Asked whether he could be congratulated after Saturday’s 2-1 win against AZ, Giovanni van Bronckhorst said that he would ...
Feyenoord’s new coach Erwin Koeman will be assisted by Henk Duut and John Metgod. Pim Doesburg will continue in his post as keepers’ coach. Henk Duut assisted Ruud Gullit last year at De Kuip, while John Metgod was the head coach at Excelsior. The new coaching team will meet officially for the first time this afternoon, before being introduced to the press.
Technical director Mark Wotte is delighted to have Erwin Koeman as coach. ‘We see in Erwin a very suitable candidate for more than one reason. He is Dutch and he has looked around at a top-three club like PSV for several years. What’s more, he has an eye for young talent, he knows all about the game due to his rich football career and he exceeded expectations at RKC this past year. But we also know that he was trained as a coach at a big club like PSV and we have the feeling
that his character suits Feyenoord well.’
Koeman did not have to think it over for long when the offer came. ‘It was a little difficult at the beginning, because I had the feeling that I had dropped RKC in it. It gave me a real stomachache. But now that the clubs have agreed terms I am above all proud.’
Erwin Koeman is aware that there’s a big difference between performing at RKC and Feyenoord. ‘You cannot compare those clubs. Feyenoord is much bigger than RKC, the pressure on the club is much bigger. I am well aware that I will be coming into another culture soon, but I don’t want to allow myself to be influenced by that too much. I am a coach and I will work with my players in my own way as well as I can. That’s what I’ve been brought in for.’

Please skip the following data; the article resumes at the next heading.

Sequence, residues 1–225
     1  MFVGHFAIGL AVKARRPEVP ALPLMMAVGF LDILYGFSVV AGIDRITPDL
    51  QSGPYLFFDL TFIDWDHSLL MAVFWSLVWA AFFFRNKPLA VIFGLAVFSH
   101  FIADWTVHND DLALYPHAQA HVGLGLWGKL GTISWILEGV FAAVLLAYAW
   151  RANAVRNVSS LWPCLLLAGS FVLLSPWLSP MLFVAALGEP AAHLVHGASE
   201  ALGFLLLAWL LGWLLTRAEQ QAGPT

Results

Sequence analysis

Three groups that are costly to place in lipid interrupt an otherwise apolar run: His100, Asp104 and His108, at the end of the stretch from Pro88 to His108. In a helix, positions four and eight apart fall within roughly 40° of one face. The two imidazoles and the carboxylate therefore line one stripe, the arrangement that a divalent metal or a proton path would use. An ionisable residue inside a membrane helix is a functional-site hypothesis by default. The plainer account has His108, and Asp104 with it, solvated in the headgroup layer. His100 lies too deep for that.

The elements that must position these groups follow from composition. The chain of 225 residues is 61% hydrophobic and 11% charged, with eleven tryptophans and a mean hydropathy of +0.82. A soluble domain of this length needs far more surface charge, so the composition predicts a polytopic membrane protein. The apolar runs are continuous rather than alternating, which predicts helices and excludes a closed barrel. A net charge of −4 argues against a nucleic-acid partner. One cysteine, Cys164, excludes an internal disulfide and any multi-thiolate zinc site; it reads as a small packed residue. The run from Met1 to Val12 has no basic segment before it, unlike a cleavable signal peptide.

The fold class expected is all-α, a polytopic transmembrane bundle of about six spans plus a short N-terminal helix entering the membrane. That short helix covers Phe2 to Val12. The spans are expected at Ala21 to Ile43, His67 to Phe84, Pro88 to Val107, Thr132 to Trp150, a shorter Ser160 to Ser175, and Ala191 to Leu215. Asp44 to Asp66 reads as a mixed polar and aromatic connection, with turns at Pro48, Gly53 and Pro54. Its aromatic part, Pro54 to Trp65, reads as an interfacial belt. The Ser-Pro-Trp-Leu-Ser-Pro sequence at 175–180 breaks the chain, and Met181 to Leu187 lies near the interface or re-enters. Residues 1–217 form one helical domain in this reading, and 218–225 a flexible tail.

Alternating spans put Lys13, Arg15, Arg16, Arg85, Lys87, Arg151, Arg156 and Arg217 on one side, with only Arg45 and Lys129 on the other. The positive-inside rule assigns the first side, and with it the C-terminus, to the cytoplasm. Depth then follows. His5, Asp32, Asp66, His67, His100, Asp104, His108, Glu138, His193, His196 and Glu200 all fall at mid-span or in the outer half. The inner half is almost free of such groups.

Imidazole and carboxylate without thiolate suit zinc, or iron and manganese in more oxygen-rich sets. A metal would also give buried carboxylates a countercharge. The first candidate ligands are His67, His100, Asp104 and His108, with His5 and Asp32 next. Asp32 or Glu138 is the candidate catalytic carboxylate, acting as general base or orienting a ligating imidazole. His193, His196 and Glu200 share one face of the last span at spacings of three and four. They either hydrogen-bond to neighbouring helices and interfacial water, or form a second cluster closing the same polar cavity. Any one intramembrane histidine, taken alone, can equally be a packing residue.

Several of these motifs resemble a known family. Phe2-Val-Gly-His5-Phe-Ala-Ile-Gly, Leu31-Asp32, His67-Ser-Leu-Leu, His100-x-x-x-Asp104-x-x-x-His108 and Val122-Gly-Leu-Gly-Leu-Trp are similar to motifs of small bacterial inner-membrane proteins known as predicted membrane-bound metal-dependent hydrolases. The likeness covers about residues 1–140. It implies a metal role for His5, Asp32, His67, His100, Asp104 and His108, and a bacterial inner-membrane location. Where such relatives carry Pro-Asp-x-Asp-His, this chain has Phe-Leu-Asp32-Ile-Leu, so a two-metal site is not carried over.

Koeman asked advice from various quarters, including brother Ronald Koeman, who played at De Kuip for two years. ‘Ronald said that this is a brilliant club and that I definitely had to do it. The other people I asked advice from also were also positive. I often heard people say that they felt my personality suited the club. Obviously time will tell on that one, but I do think that ‘no words, but actions’ applies to me. I come from a family that has always worked very hard to achieve
something. I’ve never been a big talker, so in Rotterdam you won’t be hearing me shouting that I’m going to put Feyenoord back on track. I will do everything to try to get Feyenoord playing recognisable football, in which fight and passion are important components. That is what the people in Rotterdam demand and I will do my utmost to do that.’
Koeman will have to do it with limited financial resources and a squad built by other people, but that doesn’t mean he will be looking for excuses. ‘Okay, I will be working with the inheritance of my
predecessor. So be it. And I know that the financial possibilities are not unlimited. I accepted that when I said ‘yes’ to Feyenoord, so you won’t hear any more from me on that.’
Erwin Koeman learned his coaching at PSV, starting as a youth coach in 1998 before becoming an assistant coach three years later, first under Eric Gerets and subsequently under Guus Hiddink. Last season was the first as head coach in the Eredivisie, when he guided RKC to ninth.
‘I’m happy that I experienced two totally different ways of working at PSV. Gerets and Hiddink both had there own philosophy and that was very educational,’ says Koeman, who has over 25 years’ experience in the professional game.
He started his playing career at FC Groningen (1978-79), before moving to PSV (1979-82), FC Groningen again (1982-1985), KV Mechelen (1985-90), PSV again (1990-94) and finally back to FC Groningen for a third spell (1994-98). The left-sided midfielder made a total of 472 league appearances, scoring 92 times. He won two championship medals with PSV and a third with KV Mechelen, where he also won the Uefa Cup and the European Super Cup in 1988. In the same year he won the European Championship with Holland. Erwin Koeman won 31 Dutch caps.